Keeping the World in Mind: Mental Representations and the by Anne Jaap Jacobson
By Anne Jaap Jacobson
Drawing on a variety of assets, together with the historical past of philosophy, her position as director of a cognitive neuroscience team, and her Wittgensteinian education at Oxford, Jacobson offers clean perspectives on illustration, suggestions, notion, motion, emotion and trust.
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Extra info for Keeping the World in Mind: Mental Representations and the Sciences of the Mind
The narrowing down might be done on the samples side. We can find a version of the phenomenon discussed in Goodman (1968). His example is a tailor’s book of swatches (52–54). The swatches are examples or samples of color and weave but not shape. Hence, they represent color and weave, but not shape. Further, on Goodman’s account, this determinacy is due to the fact that such swatches are symbols, and as such they depend on a symbol system. Presumably, if someone picks up one of Goodman’s swatches and remarks that this is a perfect example of the shape of the normal swatch, Goodman need not say the speaker is wrong.
One thing samples and examples can enable one to do is to convey information which one cannot at the time articulate. Thus, one may not be able to describe the difference between American applause and British clapping, but it is very easy to display. There may also be a difference in how information is processed. It is very difficult to learn complicated movements from a series of descriptions, but relatively easy to learn Tai Chi by watching someone. We now know that our brains do something very like translate visual signals into motor ones when we watch people perform.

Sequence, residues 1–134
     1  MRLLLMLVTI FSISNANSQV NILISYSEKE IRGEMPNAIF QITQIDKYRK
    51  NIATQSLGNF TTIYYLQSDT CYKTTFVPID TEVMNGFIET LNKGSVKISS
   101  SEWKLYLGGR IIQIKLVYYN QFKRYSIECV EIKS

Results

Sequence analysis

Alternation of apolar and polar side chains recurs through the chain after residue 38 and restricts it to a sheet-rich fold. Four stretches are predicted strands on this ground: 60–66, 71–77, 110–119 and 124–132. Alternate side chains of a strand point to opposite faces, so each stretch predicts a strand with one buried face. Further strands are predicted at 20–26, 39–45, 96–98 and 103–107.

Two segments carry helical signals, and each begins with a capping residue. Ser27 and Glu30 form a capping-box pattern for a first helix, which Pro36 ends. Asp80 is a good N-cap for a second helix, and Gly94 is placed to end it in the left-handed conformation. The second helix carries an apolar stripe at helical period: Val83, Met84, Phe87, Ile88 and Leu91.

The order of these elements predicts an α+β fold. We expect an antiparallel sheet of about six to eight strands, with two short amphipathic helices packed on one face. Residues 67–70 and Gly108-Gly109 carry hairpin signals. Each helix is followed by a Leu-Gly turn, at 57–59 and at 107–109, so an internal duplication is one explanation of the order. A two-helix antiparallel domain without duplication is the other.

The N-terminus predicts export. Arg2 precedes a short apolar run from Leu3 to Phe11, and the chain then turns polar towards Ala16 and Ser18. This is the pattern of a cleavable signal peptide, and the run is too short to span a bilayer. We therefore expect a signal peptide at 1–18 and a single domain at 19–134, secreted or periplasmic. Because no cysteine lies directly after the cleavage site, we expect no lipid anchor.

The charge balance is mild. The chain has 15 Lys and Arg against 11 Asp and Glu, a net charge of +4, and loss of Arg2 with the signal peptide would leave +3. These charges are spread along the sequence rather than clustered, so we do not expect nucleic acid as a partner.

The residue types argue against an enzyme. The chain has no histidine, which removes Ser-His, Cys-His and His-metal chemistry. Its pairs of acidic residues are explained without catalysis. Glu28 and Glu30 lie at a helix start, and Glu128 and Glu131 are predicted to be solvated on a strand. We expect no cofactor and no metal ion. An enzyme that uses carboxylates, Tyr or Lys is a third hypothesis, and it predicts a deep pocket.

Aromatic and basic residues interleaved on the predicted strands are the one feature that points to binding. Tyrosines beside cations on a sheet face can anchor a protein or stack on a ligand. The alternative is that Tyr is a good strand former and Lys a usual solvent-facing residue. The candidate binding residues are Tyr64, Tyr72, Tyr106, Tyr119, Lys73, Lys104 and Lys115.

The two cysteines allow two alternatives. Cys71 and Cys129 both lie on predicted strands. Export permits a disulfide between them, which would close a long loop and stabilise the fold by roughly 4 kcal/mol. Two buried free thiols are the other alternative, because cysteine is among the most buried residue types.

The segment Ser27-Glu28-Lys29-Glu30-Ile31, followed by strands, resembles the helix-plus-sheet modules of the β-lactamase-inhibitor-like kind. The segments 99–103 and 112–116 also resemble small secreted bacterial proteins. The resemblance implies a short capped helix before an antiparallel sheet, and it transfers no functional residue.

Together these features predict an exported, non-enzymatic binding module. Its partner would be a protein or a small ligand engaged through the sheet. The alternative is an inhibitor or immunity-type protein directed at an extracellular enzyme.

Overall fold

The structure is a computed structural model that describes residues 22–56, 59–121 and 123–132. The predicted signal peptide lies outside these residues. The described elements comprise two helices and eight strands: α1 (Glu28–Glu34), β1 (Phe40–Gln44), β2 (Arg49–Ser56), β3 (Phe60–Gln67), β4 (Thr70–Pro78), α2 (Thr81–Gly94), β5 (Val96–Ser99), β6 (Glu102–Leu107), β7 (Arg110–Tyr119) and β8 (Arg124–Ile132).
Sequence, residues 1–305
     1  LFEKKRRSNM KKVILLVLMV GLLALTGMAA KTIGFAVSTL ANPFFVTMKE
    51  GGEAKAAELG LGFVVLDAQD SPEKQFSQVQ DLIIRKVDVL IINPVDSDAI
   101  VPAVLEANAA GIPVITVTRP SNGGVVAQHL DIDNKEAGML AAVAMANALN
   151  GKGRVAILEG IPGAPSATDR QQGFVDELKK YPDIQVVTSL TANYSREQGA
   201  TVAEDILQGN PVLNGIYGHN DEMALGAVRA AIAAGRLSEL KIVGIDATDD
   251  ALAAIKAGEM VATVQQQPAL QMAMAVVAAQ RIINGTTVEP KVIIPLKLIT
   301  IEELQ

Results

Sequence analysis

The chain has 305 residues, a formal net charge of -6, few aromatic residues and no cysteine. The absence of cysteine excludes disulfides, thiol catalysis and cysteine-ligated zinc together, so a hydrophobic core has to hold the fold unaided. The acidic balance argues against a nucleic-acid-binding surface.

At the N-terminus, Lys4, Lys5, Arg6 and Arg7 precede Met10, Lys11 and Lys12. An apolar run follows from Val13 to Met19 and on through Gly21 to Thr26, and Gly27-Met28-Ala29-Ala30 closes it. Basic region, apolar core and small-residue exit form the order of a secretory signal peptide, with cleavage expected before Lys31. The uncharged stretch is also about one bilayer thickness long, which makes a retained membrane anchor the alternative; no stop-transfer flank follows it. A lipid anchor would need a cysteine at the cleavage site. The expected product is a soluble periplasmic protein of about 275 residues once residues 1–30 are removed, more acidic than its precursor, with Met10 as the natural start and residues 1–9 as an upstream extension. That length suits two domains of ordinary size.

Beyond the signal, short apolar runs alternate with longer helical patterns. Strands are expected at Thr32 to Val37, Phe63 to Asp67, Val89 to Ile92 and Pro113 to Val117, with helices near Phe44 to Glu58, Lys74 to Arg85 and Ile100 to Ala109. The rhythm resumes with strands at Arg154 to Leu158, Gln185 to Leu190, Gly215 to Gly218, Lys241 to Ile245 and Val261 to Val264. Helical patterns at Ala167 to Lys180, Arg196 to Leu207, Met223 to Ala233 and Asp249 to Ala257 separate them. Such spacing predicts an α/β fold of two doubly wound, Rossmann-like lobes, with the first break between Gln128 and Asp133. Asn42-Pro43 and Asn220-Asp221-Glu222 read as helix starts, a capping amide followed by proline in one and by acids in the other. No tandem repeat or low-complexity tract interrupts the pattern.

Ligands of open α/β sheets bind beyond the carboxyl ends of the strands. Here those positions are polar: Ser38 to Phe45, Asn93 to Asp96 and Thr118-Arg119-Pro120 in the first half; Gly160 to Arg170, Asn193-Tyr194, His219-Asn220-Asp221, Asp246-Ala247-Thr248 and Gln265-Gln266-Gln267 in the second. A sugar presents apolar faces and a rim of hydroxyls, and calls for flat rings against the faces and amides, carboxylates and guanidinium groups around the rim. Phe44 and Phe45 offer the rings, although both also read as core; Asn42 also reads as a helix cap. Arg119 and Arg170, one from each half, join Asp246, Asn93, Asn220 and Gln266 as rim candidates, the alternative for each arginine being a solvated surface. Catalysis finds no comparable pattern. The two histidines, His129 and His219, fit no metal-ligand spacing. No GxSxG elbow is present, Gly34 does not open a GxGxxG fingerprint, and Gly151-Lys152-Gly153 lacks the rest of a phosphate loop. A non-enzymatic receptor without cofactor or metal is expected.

But I think this would be a mistake, since the Aristotelian conception captures one of two very different ways of communicating, while the current philosophical conception of representation targets the other, as we have seen. That is, there are two different ways of telling someone what color one desires for a wall, the way a tai chi movement is performed, how the French ‘r’ sounds and so on. One way is by describing it in sentences that have content and aboutness. The other way is to provide an instance or a sample of it, and thus displaying it.